Felsenfeld in his introduction does offer two reasonable rationales for putting Britten and Barber side-by-side. Both composers stayed with their established styles — to some degree astringent but essentially tonal — as the avant-garde established dominance in the 1950s and ’60s. Both were gay men, as well. Beyond that, little connects the two men. They apparently never met, let alone had any type of professional relationship.
The result, as the reader pages through alternating essays on each composer’s life and work, is an intellectual case of “tennis match” neck, with any literary momentum achieved with one composer quickly evaporating with the next chapter on the other.
Felsenfeld seems most concerned with setting these two men up against composers such as Boulez and Stockhausen (named by the author in the “How to Listen’ opening essay). The latter names represent a whole school for Felsenfeld whose compositions of “surface complexity” are as attractive as physics to the math-challenged. The critics who supported these composers, or who, in Felsenfeld’s inelegant phrase, “leapt on their mercurial bandwagons,” share equal blame for the current state of classical music, which Felsenfeld sees as alienated from its core audience.
Since neither Barber nor Britten ever became greatly beloved composers, though both have secure reputations, this angle tends to place the men in a no-man’s-land, caught between limited popular appeal and modernistic scorn. Surely both composers deserve to more generously analyzed strictly on the basis of what they sought to achieve and how much they accomplished.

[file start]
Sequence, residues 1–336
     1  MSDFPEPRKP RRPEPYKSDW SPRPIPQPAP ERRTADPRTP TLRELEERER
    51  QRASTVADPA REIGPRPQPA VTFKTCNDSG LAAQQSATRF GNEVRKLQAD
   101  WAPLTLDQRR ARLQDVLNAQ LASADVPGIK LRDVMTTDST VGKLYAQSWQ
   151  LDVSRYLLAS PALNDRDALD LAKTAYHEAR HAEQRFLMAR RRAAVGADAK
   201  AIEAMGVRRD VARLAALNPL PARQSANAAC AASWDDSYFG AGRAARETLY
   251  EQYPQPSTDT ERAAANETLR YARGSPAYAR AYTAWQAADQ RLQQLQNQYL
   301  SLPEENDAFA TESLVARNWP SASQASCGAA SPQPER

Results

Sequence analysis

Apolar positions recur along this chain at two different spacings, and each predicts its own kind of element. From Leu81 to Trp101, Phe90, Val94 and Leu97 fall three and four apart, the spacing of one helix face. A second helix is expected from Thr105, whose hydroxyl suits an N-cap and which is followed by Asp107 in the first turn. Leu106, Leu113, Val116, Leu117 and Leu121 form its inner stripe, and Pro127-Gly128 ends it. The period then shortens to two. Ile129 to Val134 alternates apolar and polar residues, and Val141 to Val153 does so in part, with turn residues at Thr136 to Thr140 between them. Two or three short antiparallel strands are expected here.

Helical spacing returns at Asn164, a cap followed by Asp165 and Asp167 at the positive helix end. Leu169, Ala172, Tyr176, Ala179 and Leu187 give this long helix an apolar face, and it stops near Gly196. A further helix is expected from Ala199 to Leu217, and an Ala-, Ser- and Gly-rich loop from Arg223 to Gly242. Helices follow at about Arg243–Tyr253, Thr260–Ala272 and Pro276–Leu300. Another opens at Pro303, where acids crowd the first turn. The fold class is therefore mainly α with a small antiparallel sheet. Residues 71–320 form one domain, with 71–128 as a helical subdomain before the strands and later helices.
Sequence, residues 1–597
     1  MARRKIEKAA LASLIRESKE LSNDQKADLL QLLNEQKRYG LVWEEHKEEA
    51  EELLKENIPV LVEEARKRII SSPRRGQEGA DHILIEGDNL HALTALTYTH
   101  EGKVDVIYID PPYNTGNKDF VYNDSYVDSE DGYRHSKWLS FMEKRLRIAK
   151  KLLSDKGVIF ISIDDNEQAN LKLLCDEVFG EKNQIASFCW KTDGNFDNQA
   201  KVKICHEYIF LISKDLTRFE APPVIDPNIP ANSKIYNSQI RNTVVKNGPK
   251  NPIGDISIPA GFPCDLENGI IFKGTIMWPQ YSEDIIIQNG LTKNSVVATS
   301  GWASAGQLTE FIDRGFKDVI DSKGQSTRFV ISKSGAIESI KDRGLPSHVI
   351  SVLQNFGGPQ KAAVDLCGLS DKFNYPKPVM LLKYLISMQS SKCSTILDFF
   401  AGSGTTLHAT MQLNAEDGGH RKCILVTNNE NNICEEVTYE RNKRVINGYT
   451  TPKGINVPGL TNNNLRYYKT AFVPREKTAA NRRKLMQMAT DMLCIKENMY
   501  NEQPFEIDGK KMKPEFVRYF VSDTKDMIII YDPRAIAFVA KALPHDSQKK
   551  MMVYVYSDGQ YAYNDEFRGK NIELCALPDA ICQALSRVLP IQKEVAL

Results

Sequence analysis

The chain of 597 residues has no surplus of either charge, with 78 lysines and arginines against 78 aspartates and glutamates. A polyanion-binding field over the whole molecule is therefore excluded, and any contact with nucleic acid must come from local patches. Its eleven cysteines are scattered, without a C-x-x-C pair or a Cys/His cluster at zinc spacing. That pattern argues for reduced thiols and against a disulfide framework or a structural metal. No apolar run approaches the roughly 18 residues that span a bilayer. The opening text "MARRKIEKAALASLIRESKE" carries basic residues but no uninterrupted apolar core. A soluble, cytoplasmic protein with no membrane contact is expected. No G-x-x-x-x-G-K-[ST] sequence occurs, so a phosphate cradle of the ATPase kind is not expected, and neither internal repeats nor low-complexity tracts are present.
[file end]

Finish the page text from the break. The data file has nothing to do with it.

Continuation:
Most of the first half of this book is given over to biographical sketches. Sketchy, indeed. Some are no longer than two pages, and this is a book of relatively large print.
The center of the book contains two essays, one for each composer. The titles give a fair idea of the content here: “Dare not Speak Its Name” for Britten and for Barber, “A Truly Perfect Failure: Antony and Cleopatra at the Metropolitan.” The Britten essay can’t offer much more than unelucidating conjecture (“Britten, undoubtedly, knew the consequences of his actions and therefore probably never acted.”), and it ends with a pale argument that the questions regarding Britten’s sexuality are relevant to an understanding of the music. Since the questions mostly remain unanswerable, perhaps the point is moot.
With Barber, focusing on his last major work and its unfortunate premiere leaves the reader with a sad image of a defeated man and a lost reputation. The story of that final opera has many points of interests; surely it shouldn’t have been the only essay provided on Barber’s career, however.
The last section of the book ties into the provided CD. Felsenfeld offers his close analysis of such pieces as Britten’s Serenade for Tenor, Horn and Strings and Barber’s Second Essay for Orchestra. Perhaps the strongest part of the book, these essays walk a line between rigorous academic analysis and over-simplified commentary. Combined with the CD of mostly effective performances culled from the Naxos catalogue, this section may be quite useful to some readers. Once again, however, no meaningful topics related to a “parallel” discussion of the two composers appear, calling into question the whole point of the volume.
A stronger recommendation for those with a strong interest in either composer would be for separate volumes, but for a brief overview of the lives and issues of Britten and Barber, Felsenfeld’s book makes an adequate, if insubstantial and occasionally clumsy, choice.
Los Angeles Harbor College
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image_description=Daniel Felsenfeld: Benjamin Britten and Samuel Barber: Their Lives and Their Music
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product_by=Pompton Plains, NJ: Amadeus Press, 2005, 220 pp.